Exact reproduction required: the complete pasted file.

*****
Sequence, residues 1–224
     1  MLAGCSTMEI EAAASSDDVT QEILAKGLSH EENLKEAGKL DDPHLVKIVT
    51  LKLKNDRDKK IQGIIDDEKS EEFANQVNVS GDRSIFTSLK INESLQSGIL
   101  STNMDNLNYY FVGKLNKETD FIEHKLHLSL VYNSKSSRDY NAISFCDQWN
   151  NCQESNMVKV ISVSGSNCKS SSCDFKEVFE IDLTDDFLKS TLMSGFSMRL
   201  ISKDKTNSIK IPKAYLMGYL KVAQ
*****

Sequence, residues 1–224
     1  MLAGCSTMEI EAAASSDDVT QEILAKGLSH EENLKEAGKL DDPHLVKIVT
    51  LKLKNDRDKK IQGIIDDEKS EEFANQVNVS GDRSIFTSLK INESLQSGIL
   101  STNMDNLNYY FVGKLNKETD FIEHKLHLSL VYNSKSSRDY NAISFCDQWN
   151  NCQESNMVKV ISVSGSNCKS SSCDFKEVFE IDLTDDFLKS TLMSGFSMRL
   201  ISKDKTNSIK IPKAYLMGYL KVAQ